49 more people die on Thailand’s roads on ‘2nd Dangerous Day’ — down 20% from 2016 so far
The second day of Thailand’s ‘7 Dangerous Days’ — the days between Christmas and just after New Year when traffic accidents are often at their worst — saw 49 more people die in traffic accidents. 41 people died on the first of the ‘7 Dangerous Days’ on December 28th.
609 people were also injured on the second day, up from 500 on the first day.
Again, as on the first day, according to the Road Safety Centre, most fatal accidents were as a result of drunk driving (42 percent) or speeding (23.25%). Most deaths occurred due to motorcycle accidents (77.57%).
And, while it may not be possible if you have your regular life to live during the ‘7 Dangerous Days’, if you can it may just pay you to avoid driving or riding on a motorcycle until after the New Year’s holiday ends on January 3rd, and to take Thai public transportation instead.
That is because the sad fact of life is that Thailand is currently the world’s most dangerous country when it comes to traveling on the nation’s roads, and that becomes even more likely during New Year when so many people are drinking and driving.
In a bus, a taxi, or a pickup truck, you stand more of a chance of surviving a traffic accident between you and someone who should not be on the roads because they are drunk. On a motorbike, that chance plummets drastically. If you are the person driving a car or motorbike while drunk, your chances of making it home without serious injury or death plummet as well.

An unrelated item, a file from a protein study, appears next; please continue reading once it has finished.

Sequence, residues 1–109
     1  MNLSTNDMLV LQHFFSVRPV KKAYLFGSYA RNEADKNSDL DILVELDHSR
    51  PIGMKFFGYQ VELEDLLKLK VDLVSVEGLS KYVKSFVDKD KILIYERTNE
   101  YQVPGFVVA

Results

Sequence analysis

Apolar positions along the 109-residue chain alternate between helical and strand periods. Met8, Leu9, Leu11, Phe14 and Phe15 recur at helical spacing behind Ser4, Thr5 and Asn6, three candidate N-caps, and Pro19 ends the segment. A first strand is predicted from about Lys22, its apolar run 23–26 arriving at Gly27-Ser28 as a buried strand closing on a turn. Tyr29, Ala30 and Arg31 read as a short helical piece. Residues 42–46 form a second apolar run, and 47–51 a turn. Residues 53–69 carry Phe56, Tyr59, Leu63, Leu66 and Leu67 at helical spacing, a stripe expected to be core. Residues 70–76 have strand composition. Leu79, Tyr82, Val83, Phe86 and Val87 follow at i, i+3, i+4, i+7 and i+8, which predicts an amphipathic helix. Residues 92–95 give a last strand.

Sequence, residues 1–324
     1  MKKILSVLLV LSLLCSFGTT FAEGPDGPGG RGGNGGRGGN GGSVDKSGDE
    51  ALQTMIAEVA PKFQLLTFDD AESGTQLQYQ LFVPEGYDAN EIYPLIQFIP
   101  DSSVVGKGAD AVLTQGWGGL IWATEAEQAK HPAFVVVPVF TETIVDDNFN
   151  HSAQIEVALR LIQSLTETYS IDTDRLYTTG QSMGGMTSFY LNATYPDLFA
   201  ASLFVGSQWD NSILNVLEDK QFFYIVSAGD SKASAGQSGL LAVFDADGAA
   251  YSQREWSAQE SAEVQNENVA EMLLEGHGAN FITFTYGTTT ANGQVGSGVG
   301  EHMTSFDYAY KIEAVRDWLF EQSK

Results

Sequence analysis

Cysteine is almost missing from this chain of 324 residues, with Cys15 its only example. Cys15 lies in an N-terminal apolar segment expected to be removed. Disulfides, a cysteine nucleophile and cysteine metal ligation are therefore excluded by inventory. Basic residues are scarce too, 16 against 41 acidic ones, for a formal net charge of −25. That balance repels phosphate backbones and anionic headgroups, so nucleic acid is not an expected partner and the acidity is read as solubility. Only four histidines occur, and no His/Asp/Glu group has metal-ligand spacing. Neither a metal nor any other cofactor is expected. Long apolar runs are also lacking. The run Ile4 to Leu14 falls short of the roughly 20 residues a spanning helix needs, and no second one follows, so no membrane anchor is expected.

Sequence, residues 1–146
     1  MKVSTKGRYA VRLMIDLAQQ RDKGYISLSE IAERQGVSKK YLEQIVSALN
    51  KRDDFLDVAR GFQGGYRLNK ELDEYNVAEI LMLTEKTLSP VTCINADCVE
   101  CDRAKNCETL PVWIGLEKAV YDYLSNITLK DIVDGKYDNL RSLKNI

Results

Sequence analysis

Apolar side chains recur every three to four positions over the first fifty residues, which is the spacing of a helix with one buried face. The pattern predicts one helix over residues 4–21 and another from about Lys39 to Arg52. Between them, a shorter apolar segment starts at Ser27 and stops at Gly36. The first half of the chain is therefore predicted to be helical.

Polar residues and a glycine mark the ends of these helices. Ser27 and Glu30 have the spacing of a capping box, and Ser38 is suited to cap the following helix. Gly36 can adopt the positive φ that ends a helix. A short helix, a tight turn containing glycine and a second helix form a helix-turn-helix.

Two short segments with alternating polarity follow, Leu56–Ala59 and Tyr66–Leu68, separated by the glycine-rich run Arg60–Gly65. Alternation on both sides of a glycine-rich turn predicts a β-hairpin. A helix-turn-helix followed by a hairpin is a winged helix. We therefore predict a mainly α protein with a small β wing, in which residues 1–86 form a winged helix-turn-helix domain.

After the official figures for Thailand’s second of the ‘7 Dangerous Days’ were calculated, Road Safety Centre deputy director Karun Sakulpradit said the highest number of deaths occurred in Si Sa Ket (7 deaths), just as they did on the first day (6 deaths).
Nakhon Si Thammarat had the most road accidents with 44 as that city’s total.
The total number of deaths in the first two days now stands at 92, with 1,107 injuries, some severe, and in 1,053 traffic accidents nationwide.
Sadly, as the next five days progress, Thailand is likely to see a lot more.
There is a little bit of good news in all of this tragedy, however, as The Bangkok Post is also reporting there have been 20 percent fewer deaths this year than in the first two days of the ‘7 Dangerous Days’ in 2016.
As the Thai Transport Ministry was hoping increased enforcement of traffic laws over the New Year Holiday would lead to 5 percent fewer deaths, if this continues over the next five days, the number will hopefully surpass that.